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Cairo Geniza: Home

A geniza is a storage area, often in a out-of-the-way space in a synagogue, of sacred documents such as Bibles or prayerbooks when they are too worn to be used anymore but since they ares sacred cannot be thrown out.

Primary Source Material

Books on the Geniza



The Cairo Geniza is a collection of some 300,000 Jewish manuscript fragments that were found in the geniza or storeroom of the Ben Ezra Synagogue in Fustat or Old Cairo, Egypt. These manuscripts outline a 1,000-year continuum (870 CE to 19th century) of Jewish Middle-Eastern and North African history and comprise the largest and most diverse collection of medieval manuscripts in the world. The Genizah texts are written in various languages especially Hebrew, Arabic and Aramaic mainly on vellum and paper, but also on papyrus and cloth. In addition to containing Jewish religious texts such as Biblical, Talmudic and later Rabbinic works (some in the original hands of the authors), the Genizah gives a detailed picture of the economic and cultural life of the North African and Eastern Mediterranean regions, especially during the 10th to 13th centuries. It is now dispersed among a number of libraries, including the libraries of Cambridge University and the University of Manchester. Some additional fragments were found in the Basatin cemetery east of Old Cairo, and the collection includes a number of old documents bought in Cairo in the later 19th century.  (From Wikipedia)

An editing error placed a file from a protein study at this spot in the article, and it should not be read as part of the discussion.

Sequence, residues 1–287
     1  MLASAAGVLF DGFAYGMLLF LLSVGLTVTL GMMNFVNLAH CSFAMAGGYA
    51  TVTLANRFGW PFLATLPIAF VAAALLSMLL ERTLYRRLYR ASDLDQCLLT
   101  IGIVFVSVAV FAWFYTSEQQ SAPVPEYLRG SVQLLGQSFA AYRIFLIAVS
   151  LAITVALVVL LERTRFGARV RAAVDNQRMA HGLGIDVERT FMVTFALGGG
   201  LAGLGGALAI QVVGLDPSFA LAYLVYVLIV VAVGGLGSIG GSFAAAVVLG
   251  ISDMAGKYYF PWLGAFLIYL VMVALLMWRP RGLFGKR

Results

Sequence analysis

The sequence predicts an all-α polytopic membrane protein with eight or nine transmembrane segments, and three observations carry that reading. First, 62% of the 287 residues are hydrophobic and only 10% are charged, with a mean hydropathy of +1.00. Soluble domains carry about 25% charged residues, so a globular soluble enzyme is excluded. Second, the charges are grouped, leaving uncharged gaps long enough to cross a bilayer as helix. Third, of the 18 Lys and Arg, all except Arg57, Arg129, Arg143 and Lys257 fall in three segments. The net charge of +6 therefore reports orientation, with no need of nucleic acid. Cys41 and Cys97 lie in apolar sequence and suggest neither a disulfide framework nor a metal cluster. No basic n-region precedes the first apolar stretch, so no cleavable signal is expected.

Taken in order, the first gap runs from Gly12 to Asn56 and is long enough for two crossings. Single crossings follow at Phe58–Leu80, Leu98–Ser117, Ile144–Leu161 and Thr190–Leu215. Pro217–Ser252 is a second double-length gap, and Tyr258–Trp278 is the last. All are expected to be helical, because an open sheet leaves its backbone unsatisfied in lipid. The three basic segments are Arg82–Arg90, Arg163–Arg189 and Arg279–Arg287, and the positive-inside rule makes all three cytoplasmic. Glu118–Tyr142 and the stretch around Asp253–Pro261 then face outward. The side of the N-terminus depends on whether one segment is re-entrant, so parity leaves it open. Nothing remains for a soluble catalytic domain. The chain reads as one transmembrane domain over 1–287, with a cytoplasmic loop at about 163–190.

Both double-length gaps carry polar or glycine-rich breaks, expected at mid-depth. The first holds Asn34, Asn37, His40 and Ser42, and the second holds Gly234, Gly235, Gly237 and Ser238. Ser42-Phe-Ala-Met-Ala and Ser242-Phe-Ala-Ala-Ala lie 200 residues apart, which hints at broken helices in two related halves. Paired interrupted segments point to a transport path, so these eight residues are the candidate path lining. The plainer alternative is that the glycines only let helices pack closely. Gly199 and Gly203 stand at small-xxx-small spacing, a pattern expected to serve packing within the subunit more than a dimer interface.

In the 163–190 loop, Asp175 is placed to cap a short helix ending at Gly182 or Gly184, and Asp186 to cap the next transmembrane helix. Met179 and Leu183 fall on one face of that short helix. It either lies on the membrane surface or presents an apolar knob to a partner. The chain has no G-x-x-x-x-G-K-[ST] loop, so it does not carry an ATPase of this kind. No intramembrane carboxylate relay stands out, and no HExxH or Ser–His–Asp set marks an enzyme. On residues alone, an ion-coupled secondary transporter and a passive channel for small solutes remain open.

Solomon Schechter (above) a Cambrdige scholar after seeing samples of manuscripts in 1896 went to the Ben Ezra synagogue and brought back to England as many documents as he could.  Geniza fragments can be found today at Cambridge University,  The Jewish Theological Seminary of America, Oxford University, The Johh Rylands Library, the University of Pennsylvania and several other libraries.

About the Cairo Geniza   From Center for Online Judaic Studies  From  Brill Online Reference works From Jewish Virtual Library  Wikipedia article on the Cairo Geniza  Article  from the University of Pennsylvania  Treausres in the Wall.  Article from the New Yorker, 2013. Relates to the world fo Jewish women as discovered in the Geniza.  Article taken from the Jewish Women's Archives.

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Subjects: Judaic Studies